Point of Care Testing (POCT) (BSH 2019)


Read original guideline for details, this is just a summary of the issues to consider.

Be aware of the multiple national and international agencies involved in laboratory management.


Advantages of POCT

Reduces Turn Around Times (TATS) for tests —> prompt and effective patient management plans, facilitates patient flow, meets waiting time targets.


Range of POCT Tests available:

  • FBC + Automated differential

  • Blood Gas Analysers

  • Prothrombin Time (PT)

  • Viscoelastic Assays (e.g. TEG, ROTEM)

  • Standalone Haemoglobin

  • Activated Clotting Time (ACT)

  • Activated Partial Thromboplastin Time (APTT)

  • D-Dimer

  • DOAC Measurements (e.g. CoaguChek, Hemochron)


Quality Assurance Programme, led by a Quality Manager, to include:

  • Training & Development

  • Personnel

  • Equipment

  • Appropriateness of testing

  • Pre-analytical, Analytical and Post-analytical aspects of the POCT

  • Internal Quality Control (IQC)

  • External Quality Assessment (EQA)

  • Internal Audit Schedule

  • Document control including Standard Operating Procedures (SOPs)

  • Accreditation to the ISO 15189 / 22870 standards

  • Quality Manual for delivery of the service

  • Annual management review


Internal Quality Control

  • Aims to control accuracy, within and between-day variability, and drift

  • Controls should include clinically relevant normal and abnormal results

  • Perform minimum of every 24 hours if POCT in daily use


External Quality Assessment

  • Complements, but does not replace, the real time results of IQC

  • Provides peer reviewed assessment, with performance score of your device relative to other users

  • If EQA not available, other methods available (see full guideline)


Standard Operating Procedures, expected minimum content:

  • Training & competency requirements for POCT users

  • Roles & responsibilities of POCT users

  • Interpretation & troubleshooting of errors/problems

  • Contingency plans for device failure

  • Reporting, documenting & transmission of results

  • Handling & communication of critical results


Training & Development Programme, to include:

  • Ability to demonstrate an understanding of how to use the device

  • Theory of the measurement system

  • Appreciate the pre-analytical aspects of analysis

    • Sample collection

    • Clinical utility and limitations

    • Expertise in the analytical procedure

    • Reagent storage and stability

    • Quality control and quality assurance

    • Technical limitations of the device

    • Response to results that fall outside pre-defined limits

    • Correct documentation and maintenance of devices/results

  • Retraining, annual audit of training, and user feedback should all be done


Management & Governance

  • Clear accountability for the clinical and operational management of a POCT service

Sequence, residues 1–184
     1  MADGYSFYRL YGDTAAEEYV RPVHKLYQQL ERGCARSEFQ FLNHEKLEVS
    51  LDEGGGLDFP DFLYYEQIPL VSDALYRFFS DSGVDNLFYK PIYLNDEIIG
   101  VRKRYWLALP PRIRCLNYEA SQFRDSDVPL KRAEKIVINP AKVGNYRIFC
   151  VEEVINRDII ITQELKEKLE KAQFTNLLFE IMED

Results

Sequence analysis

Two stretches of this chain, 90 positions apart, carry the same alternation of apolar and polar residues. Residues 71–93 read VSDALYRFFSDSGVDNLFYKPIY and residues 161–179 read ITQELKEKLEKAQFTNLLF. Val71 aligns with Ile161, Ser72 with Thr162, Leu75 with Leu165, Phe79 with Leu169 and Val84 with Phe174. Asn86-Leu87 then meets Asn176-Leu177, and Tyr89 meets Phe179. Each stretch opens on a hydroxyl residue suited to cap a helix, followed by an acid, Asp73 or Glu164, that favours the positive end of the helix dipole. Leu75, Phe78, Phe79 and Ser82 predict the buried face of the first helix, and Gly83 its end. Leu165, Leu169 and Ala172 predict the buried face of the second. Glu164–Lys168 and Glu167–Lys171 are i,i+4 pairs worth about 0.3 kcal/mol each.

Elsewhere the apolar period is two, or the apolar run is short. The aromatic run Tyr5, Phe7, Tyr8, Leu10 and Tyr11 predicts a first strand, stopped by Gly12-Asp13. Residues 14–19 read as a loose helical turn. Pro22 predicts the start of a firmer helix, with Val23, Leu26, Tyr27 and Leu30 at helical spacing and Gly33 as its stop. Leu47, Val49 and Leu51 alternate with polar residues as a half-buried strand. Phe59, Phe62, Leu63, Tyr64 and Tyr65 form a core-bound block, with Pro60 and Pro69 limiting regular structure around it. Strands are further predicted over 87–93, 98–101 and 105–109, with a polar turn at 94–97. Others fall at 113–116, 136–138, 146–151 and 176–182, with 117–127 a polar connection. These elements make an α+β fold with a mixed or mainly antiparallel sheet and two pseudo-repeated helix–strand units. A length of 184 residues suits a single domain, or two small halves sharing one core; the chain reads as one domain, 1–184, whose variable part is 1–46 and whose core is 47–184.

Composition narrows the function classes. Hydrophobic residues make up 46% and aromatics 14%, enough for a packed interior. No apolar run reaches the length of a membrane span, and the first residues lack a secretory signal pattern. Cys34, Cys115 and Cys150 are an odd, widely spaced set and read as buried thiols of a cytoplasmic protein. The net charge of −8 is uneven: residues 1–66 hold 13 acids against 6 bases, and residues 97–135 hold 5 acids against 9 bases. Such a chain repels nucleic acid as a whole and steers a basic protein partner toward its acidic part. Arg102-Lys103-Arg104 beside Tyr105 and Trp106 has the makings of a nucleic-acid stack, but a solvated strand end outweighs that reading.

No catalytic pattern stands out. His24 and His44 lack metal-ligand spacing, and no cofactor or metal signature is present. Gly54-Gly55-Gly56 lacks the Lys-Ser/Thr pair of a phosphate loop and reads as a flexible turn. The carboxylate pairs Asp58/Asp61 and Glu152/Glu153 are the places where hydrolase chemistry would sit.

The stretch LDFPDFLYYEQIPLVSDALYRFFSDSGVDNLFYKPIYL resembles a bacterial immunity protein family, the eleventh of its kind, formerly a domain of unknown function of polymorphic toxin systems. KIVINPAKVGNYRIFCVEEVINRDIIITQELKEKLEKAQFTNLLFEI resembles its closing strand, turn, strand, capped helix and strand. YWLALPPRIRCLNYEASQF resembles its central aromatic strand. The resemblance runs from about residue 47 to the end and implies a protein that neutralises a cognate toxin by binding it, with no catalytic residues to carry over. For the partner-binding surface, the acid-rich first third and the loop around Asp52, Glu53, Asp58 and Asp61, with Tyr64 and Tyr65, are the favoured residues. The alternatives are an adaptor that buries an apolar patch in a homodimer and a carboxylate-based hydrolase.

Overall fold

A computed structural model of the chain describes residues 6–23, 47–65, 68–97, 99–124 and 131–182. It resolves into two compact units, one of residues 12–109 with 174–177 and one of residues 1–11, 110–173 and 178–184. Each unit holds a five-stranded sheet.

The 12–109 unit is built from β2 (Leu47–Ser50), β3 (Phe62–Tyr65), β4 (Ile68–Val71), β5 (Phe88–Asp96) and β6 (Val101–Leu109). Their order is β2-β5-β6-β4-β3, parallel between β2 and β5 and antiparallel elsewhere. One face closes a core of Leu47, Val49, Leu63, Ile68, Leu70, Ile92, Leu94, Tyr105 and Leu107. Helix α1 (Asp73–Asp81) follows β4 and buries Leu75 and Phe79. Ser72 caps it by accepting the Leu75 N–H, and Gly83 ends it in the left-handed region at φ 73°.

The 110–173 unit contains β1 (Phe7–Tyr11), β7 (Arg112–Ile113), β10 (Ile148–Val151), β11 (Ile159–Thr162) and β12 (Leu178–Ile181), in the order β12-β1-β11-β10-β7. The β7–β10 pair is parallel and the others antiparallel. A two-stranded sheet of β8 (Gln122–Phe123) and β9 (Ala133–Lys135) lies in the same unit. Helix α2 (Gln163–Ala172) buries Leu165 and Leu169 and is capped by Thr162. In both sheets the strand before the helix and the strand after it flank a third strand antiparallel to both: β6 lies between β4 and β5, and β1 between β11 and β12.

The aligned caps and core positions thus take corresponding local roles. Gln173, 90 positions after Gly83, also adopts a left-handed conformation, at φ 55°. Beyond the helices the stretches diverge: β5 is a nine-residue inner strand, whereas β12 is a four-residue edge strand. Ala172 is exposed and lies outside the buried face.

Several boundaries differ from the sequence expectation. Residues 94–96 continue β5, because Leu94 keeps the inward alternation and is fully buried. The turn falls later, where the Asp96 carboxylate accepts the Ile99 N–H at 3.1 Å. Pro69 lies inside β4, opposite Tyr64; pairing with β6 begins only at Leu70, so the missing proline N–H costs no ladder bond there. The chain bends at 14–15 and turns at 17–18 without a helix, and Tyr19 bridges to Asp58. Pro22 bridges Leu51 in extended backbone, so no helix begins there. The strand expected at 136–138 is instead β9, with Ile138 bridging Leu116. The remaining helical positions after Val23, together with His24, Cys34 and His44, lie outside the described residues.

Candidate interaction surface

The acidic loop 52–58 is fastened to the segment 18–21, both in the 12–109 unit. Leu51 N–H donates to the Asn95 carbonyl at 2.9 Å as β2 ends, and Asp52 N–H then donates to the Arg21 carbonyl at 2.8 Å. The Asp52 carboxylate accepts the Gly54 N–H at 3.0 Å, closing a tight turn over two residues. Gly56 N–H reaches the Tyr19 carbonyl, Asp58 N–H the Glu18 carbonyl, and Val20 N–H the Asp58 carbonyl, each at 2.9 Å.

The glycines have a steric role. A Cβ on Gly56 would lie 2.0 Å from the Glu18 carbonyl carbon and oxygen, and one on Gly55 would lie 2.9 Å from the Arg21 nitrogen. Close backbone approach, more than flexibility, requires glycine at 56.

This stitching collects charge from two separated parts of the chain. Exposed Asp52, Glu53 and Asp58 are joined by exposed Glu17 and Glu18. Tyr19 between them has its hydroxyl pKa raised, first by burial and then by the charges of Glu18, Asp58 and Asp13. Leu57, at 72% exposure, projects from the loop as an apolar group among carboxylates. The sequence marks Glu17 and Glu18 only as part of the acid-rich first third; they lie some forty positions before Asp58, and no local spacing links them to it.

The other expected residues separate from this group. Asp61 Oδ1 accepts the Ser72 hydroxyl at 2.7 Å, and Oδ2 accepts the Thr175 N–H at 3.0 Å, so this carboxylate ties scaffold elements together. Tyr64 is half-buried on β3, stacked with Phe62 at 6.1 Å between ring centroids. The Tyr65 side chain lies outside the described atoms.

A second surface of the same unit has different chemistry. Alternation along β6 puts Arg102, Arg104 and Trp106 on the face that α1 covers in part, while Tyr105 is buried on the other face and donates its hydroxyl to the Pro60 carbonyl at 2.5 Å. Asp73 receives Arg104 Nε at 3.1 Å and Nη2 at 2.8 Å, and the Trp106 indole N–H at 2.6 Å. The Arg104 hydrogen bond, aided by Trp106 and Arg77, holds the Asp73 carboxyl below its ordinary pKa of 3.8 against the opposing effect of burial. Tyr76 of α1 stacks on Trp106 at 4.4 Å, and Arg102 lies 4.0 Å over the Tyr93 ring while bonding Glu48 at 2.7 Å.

• POCT services usually a sub-section of an accredited pathology laboratory

  • A MDT POCT committee should provide governance


Finance & Cost Benefit

Costs and financial impact of POCT services must be considered, as they are often resource intensive


Equipment Selection & Verification

  • Medicines and Healthcare products Regulatory Agency (MHRA) regulate POCT devices

  • Procurement decisions made by individual NHS Trusts

  • Centre for Evidence-based Purchasing (CEP) at the DoH have already provided evaluations for many POCT devices.

  • Devices should be Conformite Europeenne (CE) marked, indicating the manufacturer has validated the performance claims of the device

  • Correlation & Precision studies run as part of device set up (see guideline for detail)


Health & Safety

Hospital Health and Safety, ISO 15189 and ISO 22870 standards should all be met

Some considerations

  • Risk assessment of device

  • Policy for high risk samples

  • Personal Protective Equipment (PPE)

  • Control of Substances Hazardous to Health (COSHH) assessment/registration of reagents


Reflex Testing

  • Establish a cut-off value for retesting sample in a central laboratory

  • Take into account limitations of the assay and the threshold for management decisions (e.g. transfusion trigger on a haemoglobin result)


Adverse Event Reporting

  • Definition: Any event that has the potential to cause an unexpected or unwanted effect on patients and/or service providers.

  • Events should be raised locally —> root cause analysis, immediate remedial action, corrective and preventative action

  • In addition, events should also be reported to the clinical risk department

  • In England, manufacturers are legally responsible for reporting events to the MHRA but device users may also do so


Documenting and Recording Results

Storage and retrieval of data should conform to the General Data Protection Regulation (GDPR)

Key result data includes:

  • Initial request and requestor

  • Operator ID

  • Patient ID

  • Final result in patient notes

  • Reference ranges

  • Clear indication that the result comes from a POCT device